Case Digests Of Libel Cases In The Philippines (Other (Not Listed) Sample)
In my media law class, we were required to digest at least 10 cases of libel. this paper is a case digest of 10 libel cases in the philippines.source..
Tamaray, Jaeger Dwayne G.
G.R. No. 13990 September 24, 1918
THE UNITED STATES, Plaintiff-Appellee, vs. VICENTE SOTTO,Defendant-Appellant.
Facts of the Case: This is an appeal from a judgment of the Court of First Instance of Manila by which the appellant, Vicente Sotto, was found guilty of the crime of libel and sentenced to pay a fine of P600.cThe case stemmed from a demurrer filed to the Court of First Instance upon the ground (a) "that more than one offense is charged," and (b) "that the facts charged do not constitute a public offense." The defendant was Vicente Sotto, the director, editor, manager, and printer of the weekly paper known as 'The Independent. He edited and published in English and Spanish in the city of Manila, with the intention of attacking the honesty, virtue, and reputation of Lope K. Santos, Jose Turiano Santiago and Hermenegildo Cruz, the principal leaders of the association known as the 'Congreso Obrero de Filipinas,' and with the malicious intention of exposing the said Lope K. Santos, Jose Turiano Santiago, and Hermenegildo Cruz to public hatred, contempt and ridicule as private citizens and as the leaders of the said association, voluntarily, illegally, criminally and maliciously published and caused to be published of the three persons above named a certain false, injurious and malicious defamation and libel tending to attack the honesty, virtue and reputation of the same, on page 23 of issue No. 4 of the said weekly paper, dated May 1, 1915.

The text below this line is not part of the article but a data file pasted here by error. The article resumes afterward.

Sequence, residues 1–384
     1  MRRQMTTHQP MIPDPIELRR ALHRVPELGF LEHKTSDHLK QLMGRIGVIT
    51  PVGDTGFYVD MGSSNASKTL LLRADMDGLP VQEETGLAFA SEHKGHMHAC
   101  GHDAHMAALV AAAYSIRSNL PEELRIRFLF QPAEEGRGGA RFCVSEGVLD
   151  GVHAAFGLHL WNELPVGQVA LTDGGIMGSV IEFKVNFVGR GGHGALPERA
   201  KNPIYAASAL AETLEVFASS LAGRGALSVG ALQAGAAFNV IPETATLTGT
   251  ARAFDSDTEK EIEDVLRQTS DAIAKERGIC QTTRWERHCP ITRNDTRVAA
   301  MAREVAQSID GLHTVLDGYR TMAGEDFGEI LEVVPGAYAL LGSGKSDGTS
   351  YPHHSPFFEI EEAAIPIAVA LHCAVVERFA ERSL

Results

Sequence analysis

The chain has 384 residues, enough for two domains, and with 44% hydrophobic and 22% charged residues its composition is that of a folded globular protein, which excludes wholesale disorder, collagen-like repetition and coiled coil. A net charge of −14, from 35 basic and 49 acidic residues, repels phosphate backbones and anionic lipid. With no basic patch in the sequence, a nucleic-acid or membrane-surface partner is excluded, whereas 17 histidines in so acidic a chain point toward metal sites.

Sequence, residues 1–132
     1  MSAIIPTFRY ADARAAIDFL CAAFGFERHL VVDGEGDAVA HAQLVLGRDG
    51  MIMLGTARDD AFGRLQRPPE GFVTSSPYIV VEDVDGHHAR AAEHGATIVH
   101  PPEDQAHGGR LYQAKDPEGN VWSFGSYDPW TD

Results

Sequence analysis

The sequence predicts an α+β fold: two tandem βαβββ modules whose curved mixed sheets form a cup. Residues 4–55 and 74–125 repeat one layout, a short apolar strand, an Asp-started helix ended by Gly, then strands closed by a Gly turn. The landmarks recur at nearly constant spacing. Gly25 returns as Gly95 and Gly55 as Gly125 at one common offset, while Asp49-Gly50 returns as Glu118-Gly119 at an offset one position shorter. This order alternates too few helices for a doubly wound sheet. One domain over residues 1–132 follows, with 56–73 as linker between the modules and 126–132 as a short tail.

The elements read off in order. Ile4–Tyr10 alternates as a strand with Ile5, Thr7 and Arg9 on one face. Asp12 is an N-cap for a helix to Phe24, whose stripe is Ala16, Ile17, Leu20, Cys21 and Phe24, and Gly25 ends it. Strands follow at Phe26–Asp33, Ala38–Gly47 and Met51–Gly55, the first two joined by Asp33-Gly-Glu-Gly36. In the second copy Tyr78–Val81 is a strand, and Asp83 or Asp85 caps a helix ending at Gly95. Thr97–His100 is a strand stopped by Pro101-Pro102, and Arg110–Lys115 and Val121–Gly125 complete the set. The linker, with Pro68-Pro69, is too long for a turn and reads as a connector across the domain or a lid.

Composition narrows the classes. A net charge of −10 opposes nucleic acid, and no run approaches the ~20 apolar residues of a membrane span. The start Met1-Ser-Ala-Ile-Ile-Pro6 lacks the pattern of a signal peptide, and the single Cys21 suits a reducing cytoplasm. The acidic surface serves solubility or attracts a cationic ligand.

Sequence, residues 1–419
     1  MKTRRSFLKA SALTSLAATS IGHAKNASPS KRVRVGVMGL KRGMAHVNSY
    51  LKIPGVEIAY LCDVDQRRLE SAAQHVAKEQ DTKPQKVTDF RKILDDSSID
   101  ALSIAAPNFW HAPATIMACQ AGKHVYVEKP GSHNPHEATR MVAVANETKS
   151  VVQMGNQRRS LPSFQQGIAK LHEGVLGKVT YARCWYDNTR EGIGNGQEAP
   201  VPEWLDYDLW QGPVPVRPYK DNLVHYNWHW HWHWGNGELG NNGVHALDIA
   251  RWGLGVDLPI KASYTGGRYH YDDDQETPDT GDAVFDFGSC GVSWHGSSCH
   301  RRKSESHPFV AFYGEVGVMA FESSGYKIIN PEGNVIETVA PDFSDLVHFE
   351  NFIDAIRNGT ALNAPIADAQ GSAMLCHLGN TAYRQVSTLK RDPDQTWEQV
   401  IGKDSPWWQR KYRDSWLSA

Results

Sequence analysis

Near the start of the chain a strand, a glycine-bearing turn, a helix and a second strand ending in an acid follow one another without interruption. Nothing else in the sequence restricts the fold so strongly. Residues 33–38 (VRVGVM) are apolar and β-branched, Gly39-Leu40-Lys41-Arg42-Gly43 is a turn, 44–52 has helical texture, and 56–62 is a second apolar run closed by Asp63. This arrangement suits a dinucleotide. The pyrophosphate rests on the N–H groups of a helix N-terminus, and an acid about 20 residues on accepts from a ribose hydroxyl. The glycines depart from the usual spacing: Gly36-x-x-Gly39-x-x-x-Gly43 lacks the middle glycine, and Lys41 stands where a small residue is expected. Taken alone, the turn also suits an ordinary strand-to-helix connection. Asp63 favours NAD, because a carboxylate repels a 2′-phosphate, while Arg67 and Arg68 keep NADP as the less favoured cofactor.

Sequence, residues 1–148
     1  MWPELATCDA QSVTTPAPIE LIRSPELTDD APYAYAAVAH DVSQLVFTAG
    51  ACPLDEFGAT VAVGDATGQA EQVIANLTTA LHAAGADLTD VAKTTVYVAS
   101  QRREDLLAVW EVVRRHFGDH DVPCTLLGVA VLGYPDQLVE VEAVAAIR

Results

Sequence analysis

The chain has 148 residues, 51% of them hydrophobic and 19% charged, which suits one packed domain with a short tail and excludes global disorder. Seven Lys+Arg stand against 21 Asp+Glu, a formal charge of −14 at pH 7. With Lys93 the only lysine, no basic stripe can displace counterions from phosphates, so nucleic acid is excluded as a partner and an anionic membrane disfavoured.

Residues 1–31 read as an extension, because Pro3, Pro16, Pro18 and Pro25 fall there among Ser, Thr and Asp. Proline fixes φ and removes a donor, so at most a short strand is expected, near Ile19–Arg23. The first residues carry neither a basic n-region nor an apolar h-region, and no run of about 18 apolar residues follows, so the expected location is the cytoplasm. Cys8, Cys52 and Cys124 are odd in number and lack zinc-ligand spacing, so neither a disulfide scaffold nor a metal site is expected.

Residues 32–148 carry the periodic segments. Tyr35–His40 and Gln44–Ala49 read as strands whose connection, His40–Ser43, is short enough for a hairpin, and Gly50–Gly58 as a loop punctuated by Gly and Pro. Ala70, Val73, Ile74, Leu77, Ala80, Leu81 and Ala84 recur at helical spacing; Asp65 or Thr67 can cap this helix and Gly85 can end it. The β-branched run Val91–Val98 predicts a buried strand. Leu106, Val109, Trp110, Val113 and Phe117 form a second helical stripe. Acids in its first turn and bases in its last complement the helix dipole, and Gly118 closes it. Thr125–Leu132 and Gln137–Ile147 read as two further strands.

Having become tired of seeing the workingmen at the mercy of parasites who, under the guise of a false sympathy for the laboring classes, exploit the proletariat, making the latter the plaything of their ambitious and machiavelian manipulations, weary of these self-styled labor leaders who are pointed out by the people as the ones responsible for the malversation of workingmen's funds, the bankruptcy of the "Tagumpay," the "Katubusan scandals," the disappearance of a promissory note from the office of attorney Diokno, the misappropriation of funds in the management of the "El Ideal," the combinations which resulted in the failure of the seamen and street-car employees's strikes, and other numerous blunders committed by the said labor leaders, all of which has left the proletariat in the situation of a victim plucked by the very ones who set themselves up as their defenders; and realizing that our cause is in danger, now, for the sake of our honor, dignity of the laboring classes, we believe that the time has come to speak plainly and to put an end for once and all to so many parasites. If all these charges are true, it is hard to understand why the workingmen have continued until now under the control of their present leaders. Who is to blame?